A wide variety of seafood is both extraordinarily popular and available in South Africa. This spicy starter features crayfish steamed in wine, vinegar herbs, which is then reduced to form the base of a hot butter sauce. Please note: To preserve the succulent flavor, the crayfish must be freshly steamed and should not be refrigerated between steaming and serving. The sauce, too, should be freshly makde and spooned over the crayfish while it is still warm.
This dish is wrapped in banana leaves, which give it a subtle, earthy flavor. Serve the dish with plain corn tamales, fresh corn tortillas or rice. It takes a bit of effort, but it produces enough for a party, so make this dish for a special occasion.
Richard Sterling developed this recipe, which is his version of how the Spaniards transformed Montezuma’s favorite beverage, with the addition of alcohol. He commented: "Salud! Drink to the Old World and the New."
Denny Morrison is a Canadian champion long-track speed skater with an Olympic gold medal to his credit. His second passion? Grilling. His food of choice: burgers. You can read the full story at the link above, or check out his favorite burger recipe here:
"This recipe was handed down from a singer who swears she has stopped numerous sore throats by drinking this tea regularly upon any hint of a cold," says Brenda Roes of Glendale, California. "I've since added to it, and it has helped me combat the winter nasties. It tastes horrible."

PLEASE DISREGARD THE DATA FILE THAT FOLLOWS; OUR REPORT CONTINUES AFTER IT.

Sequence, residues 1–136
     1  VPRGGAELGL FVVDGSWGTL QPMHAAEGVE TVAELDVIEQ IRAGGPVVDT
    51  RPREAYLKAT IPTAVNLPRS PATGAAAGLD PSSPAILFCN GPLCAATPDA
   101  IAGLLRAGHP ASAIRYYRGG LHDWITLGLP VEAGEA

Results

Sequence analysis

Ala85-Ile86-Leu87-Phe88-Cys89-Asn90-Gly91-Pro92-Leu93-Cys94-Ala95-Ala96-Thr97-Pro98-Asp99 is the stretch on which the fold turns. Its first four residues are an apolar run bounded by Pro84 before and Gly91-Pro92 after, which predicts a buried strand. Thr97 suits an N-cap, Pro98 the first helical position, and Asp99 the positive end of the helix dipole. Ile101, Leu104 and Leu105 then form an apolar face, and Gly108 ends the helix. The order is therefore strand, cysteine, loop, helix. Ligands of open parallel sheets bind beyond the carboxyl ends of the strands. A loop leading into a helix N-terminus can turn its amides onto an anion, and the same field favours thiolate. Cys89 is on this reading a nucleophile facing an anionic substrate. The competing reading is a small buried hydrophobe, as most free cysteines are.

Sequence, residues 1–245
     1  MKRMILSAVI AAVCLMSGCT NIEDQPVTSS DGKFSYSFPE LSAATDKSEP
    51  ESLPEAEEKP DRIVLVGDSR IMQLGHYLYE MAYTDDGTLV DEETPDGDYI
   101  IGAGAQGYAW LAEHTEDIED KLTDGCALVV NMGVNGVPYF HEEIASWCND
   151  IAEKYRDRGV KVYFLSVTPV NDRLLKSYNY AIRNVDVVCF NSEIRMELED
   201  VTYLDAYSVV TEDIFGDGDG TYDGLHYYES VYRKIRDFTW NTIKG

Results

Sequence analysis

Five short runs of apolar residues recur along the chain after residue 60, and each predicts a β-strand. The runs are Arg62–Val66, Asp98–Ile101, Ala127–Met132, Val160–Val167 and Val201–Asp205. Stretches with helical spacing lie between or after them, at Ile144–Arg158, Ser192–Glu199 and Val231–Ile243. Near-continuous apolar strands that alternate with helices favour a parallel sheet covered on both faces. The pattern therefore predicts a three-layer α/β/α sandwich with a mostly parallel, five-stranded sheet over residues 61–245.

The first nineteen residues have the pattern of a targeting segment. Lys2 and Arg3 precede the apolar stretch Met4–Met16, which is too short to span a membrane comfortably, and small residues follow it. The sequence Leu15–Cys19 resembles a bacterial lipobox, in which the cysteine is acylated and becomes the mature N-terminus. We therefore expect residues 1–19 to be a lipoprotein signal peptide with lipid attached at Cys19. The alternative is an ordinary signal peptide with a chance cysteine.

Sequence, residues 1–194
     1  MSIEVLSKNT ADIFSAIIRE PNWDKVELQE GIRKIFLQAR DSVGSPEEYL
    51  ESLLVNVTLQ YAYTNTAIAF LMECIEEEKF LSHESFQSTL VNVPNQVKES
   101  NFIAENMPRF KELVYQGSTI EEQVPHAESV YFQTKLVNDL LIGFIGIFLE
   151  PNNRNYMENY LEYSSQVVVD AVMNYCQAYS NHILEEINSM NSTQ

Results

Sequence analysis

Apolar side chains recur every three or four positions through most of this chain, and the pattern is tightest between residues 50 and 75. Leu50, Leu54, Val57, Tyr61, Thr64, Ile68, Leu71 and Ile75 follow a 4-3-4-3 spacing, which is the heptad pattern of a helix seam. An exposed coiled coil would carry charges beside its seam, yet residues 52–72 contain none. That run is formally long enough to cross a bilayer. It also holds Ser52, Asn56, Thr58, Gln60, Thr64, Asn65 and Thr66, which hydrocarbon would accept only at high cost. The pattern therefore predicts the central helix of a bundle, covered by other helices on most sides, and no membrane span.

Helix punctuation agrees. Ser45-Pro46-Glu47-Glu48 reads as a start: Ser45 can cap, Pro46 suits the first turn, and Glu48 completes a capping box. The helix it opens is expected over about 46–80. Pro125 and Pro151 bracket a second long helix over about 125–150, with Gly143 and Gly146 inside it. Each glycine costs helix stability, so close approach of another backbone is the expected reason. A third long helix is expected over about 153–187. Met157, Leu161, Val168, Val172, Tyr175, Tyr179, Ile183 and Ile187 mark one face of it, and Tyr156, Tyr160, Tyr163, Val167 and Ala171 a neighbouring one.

This is an exciting blend of fresh, light flavors that makes a great beginning-of-the-meal palate stimulator during the summer. It has beautiful color and a slight bite from the ginger. A thinly sliced lime wheel makes an excellent garnish when floated on the soup with a dollop of sour cream.
Variations on this hot sauce appear all over Africa, with the key ingredint being peanuts in any form. Here, peanut butter works well--either smooth or crunchy. Its most common usage is to spread over fried chicken or fish or serve it over rice.
Indonesia grows goats rather than sheep, yet "mutton' was the meat of choice in the wet market of Little India in Singapore, so I can only assume that this delicious, curry-like soup can be made from either lamb or goat meat. The recipe is courtesy of Mrs. Devagi Shanmugam of the Thomson Cooking Studio. Find more recipes and read about Dave DeWitt's Singapore trip in the article Singapore Fling By Dave De Witt